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5 University Hacks to get you through seriously stressful semesters

Start as you mean to go on this University year

University can be nerve-wracking whether you’ve stayed at home or moved away to start a new chapter in your life. And, it can be difficult to navigate the level of independent study that university degrees require.

In theory, it’s quite straightforward. Take down lecture notes, make sure to know when your deadlines are, and start work on any submissions plenty of time before they’re due. But in practice, it’s maybe not that simple. There have been numerous times when I have been so focused on one submission that I have completely forgotten to prepare for another. Sometimes I’ve put off planning essays because I had weeks to prepare, only to then realise weeks later that I haven’t even started research.

Perhaps these things are inevitable, even if, like me, you put all your submission deadlines in your calendar to remind yourself. But there are a few hacks to help you prepare for university study and make things a little less stressful for yourself along the way.

Set Up a Study Zone

This might seem obvious, and maybe even boring. You might think that you can study anywhere with very little issue. But I found it a lot easier to focus once I’d set up a designated study zone. For me, it was a desk in my room so that I could sit and write submissions in a way that felt more focused than sitting on the sofa or on my bed. It helped me distinguish between being on my laptop to write for pleasure or to browse the internet, or play games, and being on it for the purpose of university work.

For you, a study zone might be a little different. It could be somewhere or something else, such as a space where you don’t use your phone, or social media. You might choose to sit at a table rather than on a sofa to help your posture and your focus. You might listen to music, or you might instead ban yourself from having any background noise. It’s whatever helps you to concentrate, but this does help to focus your mind.

Don’t Be Afraid to Question Lecturers

This one might not be quite so obvious, but don’t be afraid to ask questions if something a lecturer says doesn’t make sense to you. In fact, lecturers would probably prefer questions as it helps clear up confusion for anyone else.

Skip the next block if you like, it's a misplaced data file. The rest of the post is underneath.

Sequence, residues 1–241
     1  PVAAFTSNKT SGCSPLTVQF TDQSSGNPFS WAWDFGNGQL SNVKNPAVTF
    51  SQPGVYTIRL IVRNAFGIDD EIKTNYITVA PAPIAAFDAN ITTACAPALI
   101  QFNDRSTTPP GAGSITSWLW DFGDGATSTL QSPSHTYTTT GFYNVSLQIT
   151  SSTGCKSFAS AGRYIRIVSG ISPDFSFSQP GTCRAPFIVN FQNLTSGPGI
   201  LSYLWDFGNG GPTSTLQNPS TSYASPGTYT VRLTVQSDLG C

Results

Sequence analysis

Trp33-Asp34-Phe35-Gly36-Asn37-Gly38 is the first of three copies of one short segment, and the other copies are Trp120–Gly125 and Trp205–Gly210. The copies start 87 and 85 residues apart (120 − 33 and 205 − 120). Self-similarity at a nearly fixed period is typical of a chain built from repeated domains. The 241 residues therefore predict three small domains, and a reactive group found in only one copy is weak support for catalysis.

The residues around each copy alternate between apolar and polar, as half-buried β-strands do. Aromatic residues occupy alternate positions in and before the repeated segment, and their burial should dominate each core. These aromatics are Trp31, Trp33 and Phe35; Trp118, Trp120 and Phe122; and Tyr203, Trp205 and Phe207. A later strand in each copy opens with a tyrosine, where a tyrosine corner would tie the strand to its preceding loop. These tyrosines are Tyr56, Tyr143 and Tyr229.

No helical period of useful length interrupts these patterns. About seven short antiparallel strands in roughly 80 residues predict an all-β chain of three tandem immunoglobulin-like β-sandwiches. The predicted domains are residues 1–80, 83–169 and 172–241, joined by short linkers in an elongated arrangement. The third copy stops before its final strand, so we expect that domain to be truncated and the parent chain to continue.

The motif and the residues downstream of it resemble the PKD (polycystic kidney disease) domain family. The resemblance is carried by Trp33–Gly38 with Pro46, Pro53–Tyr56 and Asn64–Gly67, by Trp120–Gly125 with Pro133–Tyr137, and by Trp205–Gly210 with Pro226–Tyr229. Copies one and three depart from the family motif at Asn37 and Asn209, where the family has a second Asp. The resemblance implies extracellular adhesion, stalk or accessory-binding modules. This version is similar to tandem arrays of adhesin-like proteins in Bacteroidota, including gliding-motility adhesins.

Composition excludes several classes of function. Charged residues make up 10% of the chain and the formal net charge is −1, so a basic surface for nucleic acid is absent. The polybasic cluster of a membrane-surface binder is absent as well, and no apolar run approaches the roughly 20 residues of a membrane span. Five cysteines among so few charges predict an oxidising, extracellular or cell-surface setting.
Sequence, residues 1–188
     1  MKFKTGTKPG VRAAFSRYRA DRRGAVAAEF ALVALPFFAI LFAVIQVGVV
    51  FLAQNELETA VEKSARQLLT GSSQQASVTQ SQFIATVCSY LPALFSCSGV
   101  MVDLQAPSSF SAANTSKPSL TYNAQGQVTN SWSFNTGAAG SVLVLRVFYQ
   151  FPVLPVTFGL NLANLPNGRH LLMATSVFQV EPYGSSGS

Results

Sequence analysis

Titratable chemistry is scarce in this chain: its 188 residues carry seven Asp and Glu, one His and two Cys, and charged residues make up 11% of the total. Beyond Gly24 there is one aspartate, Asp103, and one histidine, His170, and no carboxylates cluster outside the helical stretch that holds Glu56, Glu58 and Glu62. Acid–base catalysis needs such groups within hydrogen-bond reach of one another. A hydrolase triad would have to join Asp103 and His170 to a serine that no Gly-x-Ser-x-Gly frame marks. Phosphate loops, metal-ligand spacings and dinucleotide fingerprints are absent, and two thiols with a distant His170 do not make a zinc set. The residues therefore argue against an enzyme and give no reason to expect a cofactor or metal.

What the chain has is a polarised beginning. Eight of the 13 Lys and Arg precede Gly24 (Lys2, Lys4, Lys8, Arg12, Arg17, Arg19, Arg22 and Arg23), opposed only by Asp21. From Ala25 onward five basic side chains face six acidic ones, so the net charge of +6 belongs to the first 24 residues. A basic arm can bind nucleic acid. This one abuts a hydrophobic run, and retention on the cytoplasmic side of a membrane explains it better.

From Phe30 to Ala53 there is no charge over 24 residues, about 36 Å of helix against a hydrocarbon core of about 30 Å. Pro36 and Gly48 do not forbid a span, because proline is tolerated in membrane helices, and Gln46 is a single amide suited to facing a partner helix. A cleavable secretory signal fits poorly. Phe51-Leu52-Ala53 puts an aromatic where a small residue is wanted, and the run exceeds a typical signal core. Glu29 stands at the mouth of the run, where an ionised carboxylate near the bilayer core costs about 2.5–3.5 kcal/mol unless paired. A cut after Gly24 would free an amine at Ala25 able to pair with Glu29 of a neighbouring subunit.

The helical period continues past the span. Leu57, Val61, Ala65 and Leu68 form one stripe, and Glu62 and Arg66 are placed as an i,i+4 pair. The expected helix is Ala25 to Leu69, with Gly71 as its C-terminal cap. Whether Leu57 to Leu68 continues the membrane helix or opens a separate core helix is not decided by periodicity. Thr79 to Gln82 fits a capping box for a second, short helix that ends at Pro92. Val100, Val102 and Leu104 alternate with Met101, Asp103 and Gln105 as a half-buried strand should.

If you would rather not raise your hand in a busy lecture theatre these first few weeks, most lecturers are happy to stick around for a few minutes at the end to answer questions, or you can always email. If the question you have is one several people have, the lecturer may even decide to address it in the next lecture.

Treat Yourself

Whether it’s something big or small, you may find that treating yourself in all the motivation you need. Even if your treat is allowing yourself to order takeout for dinner as long as you’ve written 1000 words of your essay, that’s something. For bigger things like nailing a presentation or getting a great grade, you can promise yourself that new DVD, or CD, or those new shoes you were looking at. A little motivation like that may be all you need to get yourself over the finishing line.

If a Lecture Gets cancelled, Do a Bit of Work

I’m not saying that if a two-hour lecture is cancelled you should work for two whole hours. But on the off-chance a lecture is cancelled, which does happen sometimes, try and spend a little of that time doing some work for that unit. It’s very tempting to go back to bed, or to watch TV but even if it’s just a case of spending twenty minutes reading the next chapter of the textbook for the unit, or editing your essay, at least you can say with confidence that you did some work.

This hack may not sound as much fun as some of the others but you have to bear in mind that a lecture is not cancelled lightly, as it will have a knock-on effect for the rest of term. You may have to say goodbye to that Q&A session before the exam or submission date, or two lectures might be merged to get through the topics in time. The least you can do is stay on top of the workload.

Make Friends in All Your Units

For a start, making friends in your lectures offers a great opportunity in the form of study sessions, which can make studying more enjoyable as well as using the opportunity to ask peers about things you’re confused about. However, it also means that if you have to miss a lecture, you have someone you can ask in order to get lecture notes you’ve missed. It is, however, worth noting that you may find you have different people in different lectures, hence why it’s important to make friends in each of your units.

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